We're digging out from our second major storm to hit the area in less than a week. There are still over 126,000 people without power and it could be a while until everyone has their power restored.
Before we turn to the next potential storm we should look back at this one.
Overall, I think we did well, but there's always room for improvement. We identified this potential nearly a week before it came to pass, which hopefully gave many of you a heads up on what was coming. We judge ourselves based on our final call, which did not change during the storm despite what many thought was a slow start. During the storm, we did state that we thought many would be on the higher end of our forecast totals, and that turned out to be mostly true.
Generally we could have expanded all our zones eastward a bit more than we did. There were some tremendous totals in far western Connecticut that were a result of banding that sat over the area the longest. I don't think we would have gone higher with snowfall predictions given the information we had before the first flakes fell.
We gave ourselves a B here. As you can see from the map, most of the official reports to the NWS were within our range which is good, but I think we could have expanded all the zones east a bit more and ended up more accurate. Everyone cares about snow totals more than anything else, and while it's a difficult thing to pin down, we definitely could have been a touch better with our zones.
We really nailed other aspects of the forecast, and snowfall rate was one of them. We called for high impact snowfall rates and we got them, not just in western Connecticut where we saw snowfall rates of 2-3 inches an hour at one time, but in other parts of the state as well. No doubt this part was an A.
We did well with wind too. We called for gusty conditions but nothing that came close to our first major storm. That turned out to be accurate.
This part of the forecast is where I am kicking myself the most. We were unable to put two and two together in the sense that we called for heavy wet snow for most, but didn't think it'd have an enhanced impact on infrastructure and trees that were already stressed by the last storm. This definitely should have been high impact, as evidenced by the over 100,000 residents without power still.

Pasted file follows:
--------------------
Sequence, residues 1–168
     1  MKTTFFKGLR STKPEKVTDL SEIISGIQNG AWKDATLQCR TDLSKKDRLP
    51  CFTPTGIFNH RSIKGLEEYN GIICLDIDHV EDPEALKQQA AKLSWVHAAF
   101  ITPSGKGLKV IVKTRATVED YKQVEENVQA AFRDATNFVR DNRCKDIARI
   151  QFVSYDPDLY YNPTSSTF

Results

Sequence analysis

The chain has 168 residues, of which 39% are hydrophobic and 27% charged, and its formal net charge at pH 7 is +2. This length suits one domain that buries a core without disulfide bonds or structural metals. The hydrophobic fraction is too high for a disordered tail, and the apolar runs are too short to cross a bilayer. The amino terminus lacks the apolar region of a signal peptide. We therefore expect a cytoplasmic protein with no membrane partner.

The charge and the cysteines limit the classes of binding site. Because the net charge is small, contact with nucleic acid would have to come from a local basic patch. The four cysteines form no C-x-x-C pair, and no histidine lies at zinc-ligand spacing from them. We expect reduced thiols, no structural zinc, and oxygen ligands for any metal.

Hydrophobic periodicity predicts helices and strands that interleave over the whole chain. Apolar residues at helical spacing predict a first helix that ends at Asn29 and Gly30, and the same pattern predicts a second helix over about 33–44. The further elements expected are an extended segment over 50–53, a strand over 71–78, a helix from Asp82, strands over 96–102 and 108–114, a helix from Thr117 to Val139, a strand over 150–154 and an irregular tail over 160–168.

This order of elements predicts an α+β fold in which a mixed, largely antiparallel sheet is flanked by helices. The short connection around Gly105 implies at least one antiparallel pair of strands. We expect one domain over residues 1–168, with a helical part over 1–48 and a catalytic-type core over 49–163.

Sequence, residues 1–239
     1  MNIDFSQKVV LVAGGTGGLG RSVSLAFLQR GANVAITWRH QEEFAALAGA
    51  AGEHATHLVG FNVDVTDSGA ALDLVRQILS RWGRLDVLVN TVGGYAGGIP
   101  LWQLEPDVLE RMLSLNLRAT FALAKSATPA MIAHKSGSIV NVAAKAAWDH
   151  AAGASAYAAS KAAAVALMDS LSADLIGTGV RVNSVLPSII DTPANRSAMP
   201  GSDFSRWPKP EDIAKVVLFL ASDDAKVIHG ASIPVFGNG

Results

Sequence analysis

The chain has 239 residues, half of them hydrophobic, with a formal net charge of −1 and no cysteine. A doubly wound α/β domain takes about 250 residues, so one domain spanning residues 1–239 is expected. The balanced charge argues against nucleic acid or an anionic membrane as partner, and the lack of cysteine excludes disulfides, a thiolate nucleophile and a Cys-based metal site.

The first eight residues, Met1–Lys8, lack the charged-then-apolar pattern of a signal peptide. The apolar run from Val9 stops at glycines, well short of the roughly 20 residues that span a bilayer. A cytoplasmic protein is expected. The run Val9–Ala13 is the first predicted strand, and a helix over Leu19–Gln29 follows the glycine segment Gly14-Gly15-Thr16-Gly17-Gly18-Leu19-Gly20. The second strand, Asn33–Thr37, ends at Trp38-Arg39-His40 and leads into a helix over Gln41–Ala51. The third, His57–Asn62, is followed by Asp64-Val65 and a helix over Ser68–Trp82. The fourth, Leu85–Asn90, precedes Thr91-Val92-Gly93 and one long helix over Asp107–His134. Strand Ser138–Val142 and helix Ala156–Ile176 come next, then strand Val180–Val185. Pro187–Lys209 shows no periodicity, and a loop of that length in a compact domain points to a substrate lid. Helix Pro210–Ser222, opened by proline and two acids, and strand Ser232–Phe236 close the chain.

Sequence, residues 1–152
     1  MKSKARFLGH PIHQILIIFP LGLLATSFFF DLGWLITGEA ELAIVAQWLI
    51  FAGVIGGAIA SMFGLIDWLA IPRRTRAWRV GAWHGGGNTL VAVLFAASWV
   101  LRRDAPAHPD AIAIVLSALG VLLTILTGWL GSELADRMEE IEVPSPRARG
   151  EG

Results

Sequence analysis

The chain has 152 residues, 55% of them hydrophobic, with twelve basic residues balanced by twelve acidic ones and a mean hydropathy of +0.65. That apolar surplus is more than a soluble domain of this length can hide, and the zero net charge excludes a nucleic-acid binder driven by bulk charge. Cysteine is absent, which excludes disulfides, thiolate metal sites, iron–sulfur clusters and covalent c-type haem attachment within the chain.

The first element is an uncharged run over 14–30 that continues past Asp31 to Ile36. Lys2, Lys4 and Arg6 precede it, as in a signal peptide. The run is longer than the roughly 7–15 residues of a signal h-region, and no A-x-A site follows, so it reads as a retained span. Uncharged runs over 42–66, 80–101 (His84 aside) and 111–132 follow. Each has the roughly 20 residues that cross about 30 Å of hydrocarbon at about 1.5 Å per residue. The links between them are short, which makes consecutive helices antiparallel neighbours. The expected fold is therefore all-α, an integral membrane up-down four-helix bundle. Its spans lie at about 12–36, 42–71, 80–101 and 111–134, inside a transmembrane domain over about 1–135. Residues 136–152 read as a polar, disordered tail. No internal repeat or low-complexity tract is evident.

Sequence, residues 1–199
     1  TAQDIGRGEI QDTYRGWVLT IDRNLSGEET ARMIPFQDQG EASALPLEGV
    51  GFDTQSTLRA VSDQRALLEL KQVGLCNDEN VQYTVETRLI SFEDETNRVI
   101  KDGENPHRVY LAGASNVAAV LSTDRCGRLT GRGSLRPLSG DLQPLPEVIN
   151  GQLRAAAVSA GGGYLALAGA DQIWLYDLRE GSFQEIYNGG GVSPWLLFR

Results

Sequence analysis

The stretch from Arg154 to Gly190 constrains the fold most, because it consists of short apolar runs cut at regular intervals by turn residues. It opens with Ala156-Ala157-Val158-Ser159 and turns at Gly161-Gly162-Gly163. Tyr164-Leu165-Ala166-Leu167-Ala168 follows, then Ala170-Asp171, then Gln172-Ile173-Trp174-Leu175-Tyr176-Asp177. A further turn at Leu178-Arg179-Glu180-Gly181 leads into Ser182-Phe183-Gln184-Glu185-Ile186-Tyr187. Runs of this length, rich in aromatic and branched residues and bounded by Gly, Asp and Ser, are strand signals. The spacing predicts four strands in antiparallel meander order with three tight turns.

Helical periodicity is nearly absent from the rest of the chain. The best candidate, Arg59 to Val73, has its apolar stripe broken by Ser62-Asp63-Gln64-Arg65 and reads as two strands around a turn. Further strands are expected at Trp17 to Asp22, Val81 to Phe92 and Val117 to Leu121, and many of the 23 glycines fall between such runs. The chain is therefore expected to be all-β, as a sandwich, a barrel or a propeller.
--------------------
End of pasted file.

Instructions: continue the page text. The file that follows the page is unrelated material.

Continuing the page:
I think a B for timing works here. Like other outlets we called for snow to begin lightly by early morning and begin to intensify by afternoon. What we missed however (along with everyone else) was how light much of the snow would be and for how long. For many, especially in eastern Connecticut, the storm didn't really begin to crank until around 4-5pm. That makes a big difference in whether kids can go to school and business stay open. Timing is notoriously hard to pin down sometimes and it was certainly the case here.
Not much needs to be said here. Just look at the photos of the highways during the height of the storm. It was downright dangerous to be on the roads once the storm got going.
Overall, averaging the scores we earned a B+. Not bad. As always, we learned a lot and will use the information gained to be better in the future. We appreciate everyone on Facebook and Twitter providing observations and support.
I'm not going to get too into the weeds here, but as I mentioned last night, we're already looking at the next potential storm. Details are far from set in stone but an area of low pressure is expected to develop off the southeast coast by the weekend.
It is too early to know if the system will make a close approach to the region, but models have shown the potential for another potent event if the pieces come together. We will continue to watch and will provide more details as we have them.
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Thank you for reading SCW.